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The sun. (New York [N.Y.]) 1916-1920, January 22, 1920, Image 6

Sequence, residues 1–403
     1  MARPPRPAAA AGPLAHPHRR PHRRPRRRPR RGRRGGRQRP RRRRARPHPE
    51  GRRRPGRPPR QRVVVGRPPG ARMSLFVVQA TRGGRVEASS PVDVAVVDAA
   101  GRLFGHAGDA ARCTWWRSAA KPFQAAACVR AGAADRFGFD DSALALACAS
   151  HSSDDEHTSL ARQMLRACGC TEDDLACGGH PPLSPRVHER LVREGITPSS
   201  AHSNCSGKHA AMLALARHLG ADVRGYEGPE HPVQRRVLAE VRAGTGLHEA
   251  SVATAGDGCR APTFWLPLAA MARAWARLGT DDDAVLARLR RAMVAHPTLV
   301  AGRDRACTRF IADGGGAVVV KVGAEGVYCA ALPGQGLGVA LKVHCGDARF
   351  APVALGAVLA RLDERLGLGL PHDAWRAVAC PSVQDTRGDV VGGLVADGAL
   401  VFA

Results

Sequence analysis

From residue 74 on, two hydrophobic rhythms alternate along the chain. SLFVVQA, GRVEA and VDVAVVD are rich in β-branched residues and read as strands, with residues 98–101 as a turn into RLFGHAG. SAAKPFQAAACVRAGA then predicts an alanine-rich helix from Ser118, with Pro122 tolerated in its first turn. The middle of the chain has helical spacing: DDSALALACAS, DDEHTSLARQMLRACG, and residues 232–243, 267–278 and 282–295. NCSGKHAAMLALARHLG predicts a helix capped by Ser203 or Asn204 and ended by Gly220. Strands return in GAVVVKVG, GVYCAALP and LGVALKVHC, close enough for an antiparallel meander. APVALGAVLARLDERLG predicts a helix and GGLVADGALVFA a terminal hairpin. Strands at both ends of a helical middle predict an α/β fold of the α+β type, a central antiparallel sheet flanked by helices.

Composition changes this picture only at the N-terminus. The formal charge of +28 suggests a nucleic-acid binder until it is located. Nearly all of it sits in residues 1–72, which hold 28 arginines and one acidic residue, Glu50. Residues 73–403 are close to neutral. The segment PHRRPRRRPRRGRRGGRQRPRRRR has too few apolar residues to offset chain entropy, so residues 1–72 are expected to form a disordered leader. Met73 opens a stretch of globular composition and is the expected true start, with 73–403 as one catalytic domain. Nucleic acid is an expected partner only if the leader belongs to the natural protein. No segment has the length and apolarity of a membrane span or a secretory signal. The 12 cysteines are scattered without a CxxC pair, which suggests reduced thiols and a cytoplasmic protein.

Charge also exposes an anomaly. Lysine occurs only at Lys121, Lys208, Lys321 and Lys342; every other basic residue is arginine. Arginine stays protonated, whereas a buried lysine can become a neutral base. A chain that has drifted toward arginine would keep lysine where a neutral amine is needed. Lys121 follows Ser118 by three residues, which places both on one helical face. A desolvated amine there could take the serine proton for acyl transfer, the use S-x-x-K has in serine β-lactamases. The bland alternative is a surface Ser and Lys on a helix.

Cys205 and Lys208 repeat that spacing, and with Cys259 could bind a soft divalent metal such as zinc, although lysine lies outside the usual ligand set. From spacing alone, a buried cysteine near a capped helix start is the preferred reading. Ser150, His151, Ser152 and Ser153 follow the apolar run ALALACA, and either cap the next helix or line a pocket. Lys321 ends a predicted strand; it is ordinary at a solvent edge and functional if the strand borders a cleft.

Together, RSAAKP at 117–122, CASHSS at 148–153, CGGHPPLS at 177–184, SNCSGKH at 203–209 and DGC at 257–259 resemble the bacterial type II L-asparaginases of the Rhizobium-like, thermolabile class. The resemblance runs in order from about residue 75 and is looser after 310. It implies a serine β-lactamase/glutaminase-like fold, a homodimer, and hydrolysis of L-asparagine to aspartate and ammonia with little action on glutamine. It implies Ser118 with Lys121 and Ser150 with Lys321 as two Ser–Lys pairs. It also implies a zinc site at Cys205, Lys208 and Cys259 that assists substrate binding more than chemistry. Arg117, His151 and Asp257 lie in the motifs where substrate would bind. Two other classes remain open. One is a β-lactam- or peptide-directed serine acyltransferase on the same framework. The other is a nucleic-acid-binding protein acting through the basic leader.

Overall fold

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r wratiimriimuAmimo A EE MHT NAVY INQUIRY (Would llofuso Funds to l'ro-tfld- o Counsel for Decorations Investigators. (RESOLUTION HArS SIMS 11 Ilgh Officers Testify to Over riding of TlicirSRcconuncn-flation- s l)y Daniels. SptcM DtMtch.to Tim Be. WA8HINOTON, Jun. 21. Tho rchoes et tlto s' feud Bounded for tho nrst tlmo y In tho Scnato chamber, and tho reverberation Mho'Tjcirlnnlnirs of a controversy cbmparablo to tho historic laundcrlnss Of maritime linen that followed tno Upanlsh-Amcrlca- n war.' Rmnotlitnir llkn n llnnun of tho SctiatO as between Slm and DonlclM was brought In slcht y with tho pnrty nlslo as tho lino of demarcation. Tho Issue was whether the of Naval Affair, which la Investigating nwards of dccoratloriB, Bhall bo fluUior-Jze- d to employ counsel. Senator Hitchcock Web.)'. Democratic leader, promptly objected; partisans supported him and In a nhort, while a d filibuster was afoot, rialnly tho Democrats wcro determined that tho Halo Bhall not get the facilities ncceasary for conducting a thorough Inquiry. Renato' Hitchcock declared ho would not consent to filnds wherewith committees dominated by tho llcpublleans should conduct Investigations with political purposes. Incidentally tho lines of the Demo- cratic defense against tho Sims attack on navy management wore roughly ehown. Tho Admiral ought not to have tqld tho coinmlttco of his Instructions \not to let the British pult tho wool over your eyes.\ It was an egregious violation of tho servleo proprieties. So tleclarcd Senator Walsh (Mont.), who Introduced a rceolutlon that In tho senso of tho Senate these disclosures merit \universal and unqualified reproba- tion.\ In Introducing tho resolution Senator Walsh Bald such a violation of tho pro- prieties of tho navul service as seemed to have been committed by Admiral Blms In giving publicity to his eccrot Instructions Justified tho most serious consideration. Senator McCormlck (III.) on behalf of tho Naval asked that 'the resolution go over for consideration. Lodge Defend Sim. \It Is qulto unheard of.\ said Senator I.pdKe, \that Admlr.il Slma should be cdndemned In this fashion by the Seuato Without evon being heard.\ , \Admiral Sims did not volunteer to read to tho committee tho letter which ho presented to us,\ explained Senator Hale (Me.). \There had been references In tho press to the existence of such a letter and I asked the Admiral to read It. I think It was very proper for him to do so.\ Senator Walsh (Mont) read at length from the committee's record on this point, pointing out that Admiral Sims had said that the letter, wnllo not being concerned particularly with the matter of awards, boro on naval morale and that therefore ho regarded it as ger- mane to tho lnx'Rstlgation. \If there Is any uncertainty about the responsibility for making that letter public,\ Interjected Senator Hale, \I will asaumo It myself,\ \I doubt,\ said Senator Borah (Idaho), \whether Admiral Sims was in position to refuse to rond'iho letter when It was called for by the committee. It seems to me we aro making a mountain out of a molehill. It seems to mo that he who criticises Secretary Daniels for warning Admiral Sims at that time dis- claims ull Itnowledgo of tho hlFtory and the genius of tho English people. I am Impressed that Secretary Daniels was entitled to credit for giving thoso In- structions.\ \Admiral Sims brought tho letter with him at any rate,\ said Senator Tram- mell' (Fla.), \and Senator Hale appar- ently knew he had It with him and asked that It be read. Inasmuch as it took the investigation outBide of the scope of the authority it mado It necessary for tho to get more power from the Senate.\ \I knew that such a letter existed, but I did not know what was in It,\ replied Senator Hale. DIicloiciI Secert Order. Senator Walsh insisted that ttie roal Cjueation was whether Admiral Sims (should properly have disclosed his secret instructions, and Senator Thomas (Colo.) said It waa an unfortunate time for tho discussion of such a controversy, \For myself,\ he Bald. \I havo less regard for the violator of a confidence, whether he Is an Admiral or a footpad, than for almost anybody else I can think of, I am disposed to hope that tho committee will glvo Admiral Sims rope enough to hang himself. Certainly lie should be required to discloss) who gavo lilm the Instructions about being wary of the English.\ \It seemr,\ said Senator Hale, \that It Is high tlmo we should know whether, a week Ueforo this country declared war, our Navy Department was still In tho state of mind Indicated by the declara- tion that 'Wo would as noon fight he llrltlsh as tho Germans.' \ Senator Phelan (Cal) protested that It Involved extreme Impropriety to re- veal such confidences and wanted to Imow whether tho committee woutU pass on the question of whether Admiral Sims ought to be censured. Senator Hale urged that the amend- ment by Senator I'helan which would have prevented the committee from em- ploying counsel but permitted It to em- ploy clerical asslstanco should be de- feated. Senator Krcllnghuysen (N. J.) recalled the experience of the Commit- tee on Military Affairs whose Investiga- tion of the War Department two ears ago absorbed for many weeks substan- tially all the tlmo of members of tho committee. \It Is lmposslblo for n committee to perform a great task of this sort,\ he eald, \without being provided with legal assistance.\ \And there Is no excuse for provid- ing a committee with counsel and then forbidding lhat counsel to take part of tho actual conduct of Die investigation,\ retorted Senator Thomas. \As I un- derstand it the subcommittee has agreed that If it Is granted the privilege of employing counsel, tho counsel will not be permitted to conduct the actual In- -, terrogatlon.\ That Is true,\ said Senator Hale. \Senators Trammell and Plttman In- -' stated on that understanding and for tho ake of harmony the committee agreed to It.\ , I.oiltre Itcrlew Con(roTery. I Venator Lodge recounted briefly the beginnings of tho controversy and sup- ported the Hala resolution. .Senator Hitchcock said this Congress ittready has started sixty-on- e Invest- igations, largely In the Senate, against Wrty-on- e In the last Congros. He 3$lrged that tho Republican majority was providing lucrative positions for Kepubllcan lawyer-polltlcli- as coun-fi,f- ur the Investigatlons-.ir- Intimated Strongly that the naval investigation ? Bookkeeping a Nuisance? The bookkeeplnrj ot nn estate is often quite a complicated matter. An Individual trustee i tempted to regard this book- keeping as something ot a nui- sance and neglect It accordingly, This corporate Institution, under the control ot the State Danklng Department, Keeps books showing In detail every transaction In the management ot an estate Information In- stantly available whenever need- ed. TVTlE GUARANTrP S TRUST? Capital $5,000,000 Surplus $11,000,000 l76r.lw.y,.)?W.i5ihai..J70C HllhJt. 175 Rfmlt n Strait. Draoklvn S50ftllnSl.j4mile67JckonA.LlCltt' 1 SO By Street. St.Cf eric SMltit tiUnd wns, In his opinion, nothing but poli- tics. Ho recalled also that in tho last Congress the Military Committee con- ducted Its great Investigation of the Wnr Department without employing any counsel. Senator Trammell declared he had been from the beginning opposed to em- ploying counsel at all, but finally had agreed not to oppofo It In consideration of the understanding that counsel should not conduct tho Interrogation of wit- nesses. Thereupon Senator Halo said tho o felt it was Important to havo ablo counsel and that ho had had in mind for that position former Senator Sutherland of Utah. Then ho added: \In view of tho statement by Senator Trammell I want to glvo notice that If the commlttco is authorized to cm-plo- y counsel the understanding hereto- fore reached that counsel will not be permitted to conduit the interrogation of witnesses will not bo adhered to. On the other hand the committee will give tho counsel tho fullest authority to pro- ceed with and organise the Investigation In such manner ns will produce tha fullest understanding ot tho matters we aro Investigating.\ \For myself,\ retorted Senator Hitch- cock, \I think tho Republican Senators should themselves manage these investi- gation?, initiated for political purposes. I am opposed to giving authority to hire Important Republican politicians to mako political capital.\ Were Overriden by Dnnlel. Major-Ge- NJeorgo Darnctt, nt of the Marino Corps, and al Albert W. Grant, who com- manded battleship fleet No. 1 of the At- lantic fleet during tho war, testified be-fo- ro the Halo Both admitted that tho Navy Depart- ment had overridden their recommenda- tions to a marked degree. Gen. Barnett made a parsonal protest to Secretary Daniels, but he told the committee that the Department was entirely within Its rights In revising the list of recommendations without con- sulting commanding officers who sent them In. Admiral Grant was somewhat more outspoken than Gen. Barnett and de- clared that although he recommendAd Distinguished Servico Medals for each of his battleship commanders the only ono who was so rewarded was Capt. Chase, who commanded the battleship Minnesota when it was hit by a mine. Tho others were given the Navy Cross, ho said. Thomas A. Edison, who received a Distinguished Servico SWlal for his work on submarine detecting devices, \had nothing to do with them\ so far as those actually adopted wcro concerned, Admiral Grant said. The tw officers who did most of tho work. Commander C. S. McDowell and Lieutenant-Co- mander Miles S. Llbbcy, were recom- mended for the Navy Cross. Disagreeing with Admiral Sims, Gen. Harnett said he saw no need ot tho Navy Department formulating In ad- vance a definite policy regarding awaras of 'decorations, as the law Itself was clear enough. \I made my recommenda- tions so that any one who got a medal would feel that it was worth having,\ Gen. Barnett said. \When I first saw the report of tho Knight board and found so few of jthe officers I had rec- ommended on that list I went to seo tho Secretary and spoko to him frankly about It. He said he was sorry so few names appeared on the list and wished that medals could be given to all. I showed him an unsigned letter I had prepared restating my recommenda- tions. This letter the Secretary said was quite proper, and he urged mo to sign It, assuring me It would receive every consideration.\ Only One Got Decoration. Gen. Barnett said he recommended all four of tho Brigadier-General- s serving as bureau heads under him during tho wnr for Distinguished Service medals, yet but one received a decoration, a Navy Cross only. \You wera not consulted as to the names that should bo cut out by the board?\ asked Senator Hale. \Certainly not I took that to be a matter to bo decided entirely by the board,\ Raid Gen. Barnett. Of tho original recommendations mado regarding men who served hero only two of three 'appeared In tho \final list. Gen. Barnett said. Grant was the next wit- ness. \When I camo to making up my list I found there were no Instructions ns to the Department's policy, and on inquiry of my superior officers I found no unanimity of opinion,\ ho said. \We were left to Interpret tho order as we chose. I mado up my list as best I could and sent it in. Tint Is the last I havo heard of It except to read the lists published. A reading of that list led mo to believo that no single award was mado because I' mado tho recom- mendation, hut because of some other servico performed.\ ' He recited the case of Capt, Chaso of tho U. S. S. Minnesota, whose ship was struck by a mine, \I recommended Chaso for a D. & M. because he carefully carried out orders, and at the samo tlmo I mado recom- mendations for oach battleship com- mander undtr me,\ ho said. \The fact that ho was given a D. S. Mr whllo the others wore awarded Navy Crosses led mo to believe that tho action had been taken in connection with other ships that had been torpedoed or mined.\ Admiral Grant made no direct refer-rnc- o to the Bagley case, although Sena- tors supposed he had this In mind. Members of the Knight board, which revised rccommetvdatlons for awards, will testify Friday, Chairman Hale said Prance Asked Aliont Soldier Dead. Washington, Jan. 21. A noto regard- ing tho return of the bodies of American soldiers killed in tho war has been sent to France, Representative Porter (Pa.), chairman of tho House Foreign Affairs Committee, was advised to-d- by Sec- retary Lansing. No announcement of tho contents ot tho note will be made, Mr. Lansing said, until Ambassador Wallace has presented It to the French Government. (iet l'orto Hlco Commission. Wasiu.voton, Jan. 21. raul G. Miller ot Porto Hlco was nominated y to be Commissioner of Education for Porto Illco. OPPOSES PERSHING IN PERMANENT POST Secretary of War Ucliovcs tho Chief of Staff Should'Havo Limited Tenure. , T) .wrcRTf nv Mvvnnnxav Also Objects to as Hoard for Selection of Of- ficer's for Promotion. Special Deipatck to Til Sox. Washington, Jan. 21. -- Secretary ot Wnr Baker nppcared beforo 'ho Scnato Military Affairs Committee y to urgo that It ehnll not adopt a provision Into the Jaw making Gen. Pershing Chief of Staff for the period of his active ser- vice In the army. To determine by Jaw the position and duties of n military officer for so long a porlod in advance, tho Secretary In- sisted, amounted to nn Infringement on tho powers of tho President ns Comma- nder-in-Chief. It would havo the ef- fect of taking the power from the Presi- dent and placing il in tho statutory Chief of Staff. \Wo cannot afford to create- a mili- tary autocracy,, oven for so laudable a purposo as to provldo n properly dig- nified place for so eminent un officer as Gen. Pershing,\ he eald. Secretary Baker, admitting the em- barrassments of his position, explained that his affection und admiration for Gen. Pershing were so well known that there hardly could bo assumption that personal motives directed his course. Tho commlttco members wonted to know what was to bo dono with Gen. Pershing, and that started some cheer- ful exchanges. In tho course, of which Senator Thomas (Col.) suggested that ho had heard a good deal of discussion about possibly making Mm the next President. Secretary Baker thought Gen. Pershing wns performing a most useful task now In making n detailed study of all the military establishments of the country. Under tho new law ho might well bo occupied In supervising all this part of the military organization, and tho title of head of the Joint Army and Navy Defence Board, created by tho new legis- lation, properly might bo conferred on him. Tho Secretary of War then took up tha personnel of tho Eligibility Board, which, under the proposed law, Is to mako up tho list of officers from which promotions will be made. The bill pro- vides that it shall be composed of the Goneral of tho Army, tho Commander of tho General Staff College and the Commander of the General Staff School. Theso three, it happens, would be Gens. Pershing. McAndrew and Mulr. All three' served overseas during tho war and tho Secretary feared that such a provision would Inspire thpfear In tho army that promotions were going to favor tho overseas men. For himsolf. he explained, he had been very careful to avoid any preferenco for tho men who were fortunate enough to get overseas. So ho thought tho. board ought to be made to Include the General of the Army and two other officers to 1 designated by the Secretary of War. 21 Omjononts of universal' military training In the House Military Commltteo now engaueu !... .n nrmi reorganization bill ur.iiiuiB v gained strength to-d- when Represen tative llarreia tuisia.; uo v.vv. All tho committee vacancy caused by the rnslsmatlon of. Representative La Guardla of New York. . tj Mr Harreld announced tnai no wm elected on a platform opposing cornpul- - . tnt tji mav decide whether tho commltteo will Include pro vision for such training in army reorganisation bill. TREATY CONFEREES SPLIT ON ARTICLE X. Factions Are Unyielding as to Character of Keservatton. Special BfipotcA fo Tns Sox. Washington, Jan. 21. Once more the vt nnr.r.nrA on Dcaco treaty ratification failed to-d- to produce any tanglblo progress townru agreeing\. The conferees sat nt 'the office of the Foreign Relations Commlttco all after- noon, and iwhen they adjourned It wob said that they got to Article X. and ,,of imVmuiintoK- - \there were things doing.\ Beyond that details were not venture But the fact lias Deen recuu-nlxc- d for weeks that agreement on this artfelo substantially was Impossible. The Republicans aro determined that they will not yield an lota of their n.i.inn. .vhiio hn Administration Dem ocrats are just as Insistent that there must bo substantial compromise ui una point. Tho conferences will continue SENATE BILL HITS JAPANESE. I'helan' of Cnllfornla \Would Deny Them Cltlsenshtp. wi.iitv. .inn 21. a constitu tional amendment denyln-- j citizenship to all Japanese born on American sou was proposed In a resolution introduced to-.i- hi- - nntnr phol.m fCftllfornla) and referred to tho Judiciary Committee. Undor tho proposed amendment oniy persons \whose parents are white, Afrl-r-an- m Atnurlmn Indians, or their de scendants, and all persons naturalized In the United States nnu suojeci 10 ino Jurisdiction thereof\ would bo eligible for citizenship. \In a short time,\ snld Senator Phelan, \tho Japanese will own nil the i,nf innriu in fnllfnrnl.T. unless re strained. It is necessary, therefore, to deny citizenship to Japanese Dorn on nnr soil and discourage their presence, nMwnnHnv .... .nnfllpta find tha saving of tho whlta population from de terioration.\ SENATE SUPPORTS GREECE. Approves It Claims to Surrendered Thruclan I.nnds. Washington, Jan. 21. A resolution BiioDortlnc tho claims of Groeco to Thraclan territory was reported y by tho Senate Foreign Relations Com- mittee as a substltuto tor a similar reso- lution by Senator King (Utah). Tho committee resolution proposes declaration by tho Senate that nil Thraclan territory surrendered to the Allies by Turkey and Bulgaria, be awarded to Greece, provided on outlet on the jEgean Sea- - Is Given Bulgaria. Tho resolution later was adopted oy the Senate on a rising vote. A few Sen- ators rose in opposition, and Senator Borah, Republican (Idaho), said ho be- lieved It was \none of our business,\ while Senator King said the resolution was a. step In the right direction. Cordon &Dilworth Real ObangeMaemaiade THE SUN, THURSDAY, JANUARY ' WAVE OF ECONOMY Houso Commltteo Decides Against Public Buildings Measure This Session. DIPLOMATIC BILL CUT Appropriation to Americanizo Foreign Elements Is ed to ,$0,500,000. Washington, Jan. 21. Congress hold Its \thrift week\ celebration a wave of economy sweeping both tho Senate and House. The not result was: Decision by tho Houso Publlo Buildings Commlttco not to recom- mend passago at this Bcsslon of a public buildings bill. Reduction by tho Houso Foreign Affairs Commltteo of tho annual diplomatic and consular service bill to $8,843,038, which Is J3.085.125 less than tho State De- partment requested und $1,032,074 less than was appropriated for tho present fiscal year. niimlnatlon by tho Scnato of nn appropriation of $12,500,000 from tho Americanization bill and substltut!6n therefor of an appropriation of 56,500,000 restricted to use until tho end of tho 1921 fiscal year In- stead of an cxpcndlturo over four years as tho largo appropriation contemplated. Democruts and Republicans for tho most part Joined forces in tho slashing away at appropriations, tho vote to eli- minate customary \porky\ publlo build- ing bill i being unanimous. Tho reduc- tion In the Americanization bills appro- priation was advocated Jointly by Sena- tors McCumbor (N. C), and Dial (S. C). Prospective Deficit. Tho North Dakota Senator told his colleagues that, according to careful es- timates, the Government would start tho fiscal year beginning July 1, with a de- ficit of three billion dollars. Should ex- penditures for 1921 be kept within the conservative- estimates of six billion dol- lars tha Senator thought they\ might bo provided for, but there would be noth- ing left to take care of the left over deficit. \We havo gone mad on tho question of conceiving new questions that will reach Into tho Federal treasury,\ said Senator McCumber, referring to the Americanization bill which Is designed to educato Illiterates and Americanizo foreign born citizens. \The only thing that will stop It will be when we get tohe end of tho rope and havo to bond the country to meet expenses.\ SenatorDial said tho taxpayers of the United States were \getting tired of being overburdened.\ In cutting down appropriations In the diplomatic and consular service bill the House Commlttc denied Secretary Lansing's request for increases In tho salaries of Ambassadors and Ministers. The only lncreaao granted over present expenditures wcro n flat $1,000 ndvanco in salary iu seuulailut) uf rinbaioles and legations and an additional Item ot $650,000 for passport control, bringing tho total for that purposo up to $140,431. Cat In Illvcr and Hnrlior Bill. Tho drastic rut in appropriations for river und harbor Improvements, or- dered by tho Houso Rivers and Harbors committee In palrng down the annual appropriation bill for-th- purpose from $42,900,000 to $12,400,000, continued to arouse members of tho House and mi- nority members of the commltteo which for you y began to-d- -- tho drafting; of a nW bill appropriating $25,000,000, Tho now bill, which will bo offorcd ns a substitute for tho majority's measure, will specify Improvements1 to bo mado Instoad of leaving expenditure to tho War Dopartmont, as provided In that reported to tho House, The wnr omotgency having passed thoro Is no Immediate need for nn esti- mated expenditure of twenty million dollars for tho dredging of n chnnnol and tho construction ot a largo drydock at Charleston, S, C the Sonato Naval which recently Inspected tho navy ynrd there, reported to tho full committee, Tho commltteo recommended that tho yard' continue to bo UBod oh n repair station for small craft. SAYS CARRANZA PAY GOES TO AMERICANS ireiirv Torres Tells Sonato V Committee How Propaganda Is Circulated in U. S. San Antonio, Tex., Jan. 21. Amer- icans In tho direct or Indirect pay of Carranzn aro responsible for reports of Improved conditions in Mexico, Henry Forres told tho Senato Investigating tho Mexican situation v. GcorKO Weeks, editor of n weekly newspaper, was specifically Indicated as ono of those prominent In tho dlssemlna Hon of carranza propaganda. \Tho fact Is,\ said Forres, who re- - i ...1 ..Ae a..1. frnm ....... Mnviro cltV. IUI111U where ho unsuccessfully, tried to havo Mexicans stopptu irom unning on property ho had leased rnd regis- tered In June, 1919, \conditions uro growing steadily worso. uirraiisa con- trols tho larger towns, but not the coun- try, nnd when he recently visited Cua-tr- o Clenega ho had collected In that dis- trict 7,000 troopB. Tho train on which he mado tho trip was escorted by an- other mndo up of armored cars filled with soldiers, I was there nnd saw It.\ Incident to tho examination of Forres, Senator Smith (Ariz.), acting us chair- man, Intimated tho committee would wutch carefully tho operation of tho Mexican Foreign Office's Instructions to consuls not to vise passports of those who had testified beforo the committee. Ho placed In the record the number of witness's passport and requested him to report to tho commlttco after ho had mado application for return to Mexico. Additional background for a consider- ation of the attempt to carry out tho \plan of San Diego,\ u plan to begin a revolution In tho United States, was fixed by the testimony of two Amerlcnn farmers who were living- - in tho lllo Crando Valley itt1915. They testified ,i.a.a intn fhh lTn1tr.(l Ki.itra were halted only when some 60,000 Amerlcnn troops were brought Into tno district. Washington, Jan, 21. Tho Mexican supposed to havo killed the Americans, P. J. Roney nnd Earl Howies, njar Port Lobos In the Tampico district, has been captured, the State Department was In- formed to-d- In a despatch from Mexico city. The Mexican Foreign Of- fice, tho despatch Bays, notified the American Embassy on January 17 that the supposed murderer and two vrob-nbl- c accomplices had been captured nnd that tho investigation In the matter was being continued. f Jenkins Cnae 'Settled.\ Mexico Cur, Jan. 21. KxceUtor quotes HUarlo Medina, of Foreign Affairs, ns rayln.?that the case of William O. Jenkins, American Con- sular Agent at Puelila, has been settled satisfactorily. No details of tho alleged settlement aro available here. vlL B n a 1127 CANADIAN SHIP TO TOW POWHATAN IN Transport Adrift 700 Miles From Hero, Fails to Trans- fer, Her 271 Passongors. HiaiJ? SEAS HINDER WOBfc' i Wireless Messages Toll of Hard Luck Mot by Vessels Extending Aid. Tho dlsablod transport Powhatan, adrift ab6ut 70$ miles cast off Sandy Hook, had more hard luck stories to send by wireless yesterday. After, tho big White Star freighter nddrlc's port propeller was put out of business by a steel hawser that fouled it and sho gavo up tho effort to tow tho Powhatan, tho gallant American freighter Western Comet took up tho Job. The towing hawser parted under a rising sea and wind and tho freighter was unablo to get another lino aboard, but stood by In tho Increasing tumult to pheer the transport's 271 pnssengcrs, who had not been taken Off by tho destroyers Sharkey and. Lear', Tho Western Comot had dragged tho Powhatan forty-eig- miles nearer Halifax. Capt. llandall seemed con- fident that he could mako port under tow after tho seas had subsided. He was anxious to get Ills passengers transferred,, but bad weather prevented him, nnd they wcro stilt aboard late yesterday afternoon when a wireless from Halifax nnnounced that the Ca nadlan Government Fisheries steamship Lady Laurler was preparing to tow tho Powhatan, Tho Lady Laurlcr's sklpppr, Capt. C. A, Travis, a veteran In resuro work, folt fairly sure thnt ho could get tho transport further on her way toward Halifax. The transports Northern Pacific nnd tho Martha Washington, bringing home tho last contingents of tho A. a. I. from Brest, had been diverted from their coursa to nsslst tho Powhatan. Tho Northern Pacific reached her orlppled sister ycfitcrday afternoon, and as there were- soverol other vessels standing by It wns deemed ndvlsablo to send the Martha Washington on her way, so she may get here beforo tha Northern Pa- cific and be greeted first by the patriots of tho nocky Mountain Club, who have planned a big time for tho soldiers. Tho White Star liner Cedrlc, which stood by the Powhatan more than twen hours, arrived yesterday, Her commander, Capt. Carter, had made preparations to receive tho passengers of the Powhatan If tho weather had mod- erated enough to tnko them off. He said that lie left only when Capt Randall told him he would not bo needed, as de- stroyers were going to attend to the transfeV of passengers. When tho Ced- rlc resumed her course tho seas had gono down slightly, but wero atlll too high for lifeboats. RED CROSS LEAVING SIBERIA. Xiirsr Are Withdrawing; on the Amerlcnn Troops Move. Washington, Jan. 21. Withdrawal of American P.sd Cross personnel in Siberia is being carried out successfully, American lied Cross hendquaters was Informed to-d- in a cablegram from Vladivostok. With tho exception 'of seventeen nurses attached to the Twenty-sevent- h United States Infantry at Irkutsk, and six of tho male personnel, the cablegram stated, nil members of the commission to Siberia have startod on their way to Vladivostok, from which port they will embark simultaneously with the de parture of the American troops. Generating Station West Mist Street and Harlem River District Offices and ' Show Rooms B9th Street and Broadway 146 til Street and Broadway 1,250,000 Horse-Powe- r tv horse-pow- er hours is the daily average of electrical energy distributed throughout Manhattan by the generating plant of The United Electric Light and Power Co. In factories and shops, large or small; in offices and homes anywhere and every- where it is necessary or desirable to save human energy this electrical power les- sens labor. It lifts and hauls, it works ceaselessly to make possible a minimum expenditure of human effort. It contributes to your tre- mendous productionsit assures your safety, your welfare and your domestic happiness. No matter what the nature of your power problems may be, our engineers are always ready to assist you in solving them. Their service entails neither cost nor obligation. Power Co. i jo Easl irythSi. Set New I.ambcr Cutting Record. Sr, John, N. p., Jan. 21, The lumber cut In tho Provlnco of New Brunswick (this season Is expocted to constitute a recora, uepons recoivoa to-u- irom forty-tw- o forest rangers estimate the total will reach 325,0.00,000 feet .From November IS to December IS\ more' than 100,000,000 feet of lumber was cut pn Crown lands alono. This Is tho heaviest cut ever recorded for one monUi, DREICER&C0 (Drienial Q?earl& of (keenest uslre and Qualiix Firm AVENUE at FORTY-SECT- R Browning King & Company Announce that the SPECIAL SALE OF OVERCOATS Will be continued today, tomorrow and Satur- day. Every overcoat in regular stock is reduced as follows: , $30.00 Overcoats for $22.50 40.00 45.00 50.00 55.00 60.00 65.00 27.50 32.50 37.50 42.50 47.50 52.50 Sale at Cooper Square Store only At our regular prices the coats were from $5 to I SIS under the market at the reduced prices they are wonderful bargains. We are also offering very attrac- tive sales of Men's Underwear and Shirts. ' Browning King & Company 16-2- 6 Cooper Square at 5th Street Fourth Avenue Cars Stop at the Door Tfie New President of France i The Rotogravure Picture Section of The New York Times next Sunday will include beautifully reproduced photographs of Deschanel, the new President of France, and Clemenceau, now in his 79th year, who was defeated in the recent elec- tion. Other Photographs Next Sunday in In? fork $mw . Admiral W. S. Sims giving his testimony be- fore the Senate Sub-Committ- ee on Naval Af- fairs, in which he charged failure of the Navy Department to support him. Secretary of State Lansing exhibiting the' original Constitution of the United States, shown for the first time in eighteen years. Pope Benedict XV., taken in the beautiful halls of the Vatican during the public consistory attending the bestowal of the red hat on the new cardinals. Professor Eamonn de Valera, \President of the Irish Republic,\ on the steps of the City Hall after having conferred on him by Mayor Hylan the freedom of the City of New York. Statue of Christopher Columbus, made by Amaldo Zocchi in Italy for the Argentine Re- public. The statue, which weighs 200 tons, will be taken to Buenos Ayres aboard an Italian war ship. Special Articles Next Sunday fjf Jfe m fork afttttpa Samuel Gompers in Fight Against Nationalization The impending struggle between Samuel Gompers and the men who would have the American Federation of Labor stand for a uni- versal Plumb plan policy is too serious a ques- tion to be ignored. The author describes the plan of certain radicals to make the 'Federation a champion of nationalization of industries. Political Complexion in California Charles A. Selden, former Paris correspon- dent of the New York Times, discusses the press- ing problems of 'California. Hiram Johnson's objections to the League of Nations meet with little sympathy in his own State; Hoover is more popular for the Presidency than Johnson; the attitude toward prohibition; Chinese exclusion bill and the Japanese matter will all be described in this article. Sty $m oxk Siwejsi NEXT SUNDAY Order from Your Newsdealer at Once. i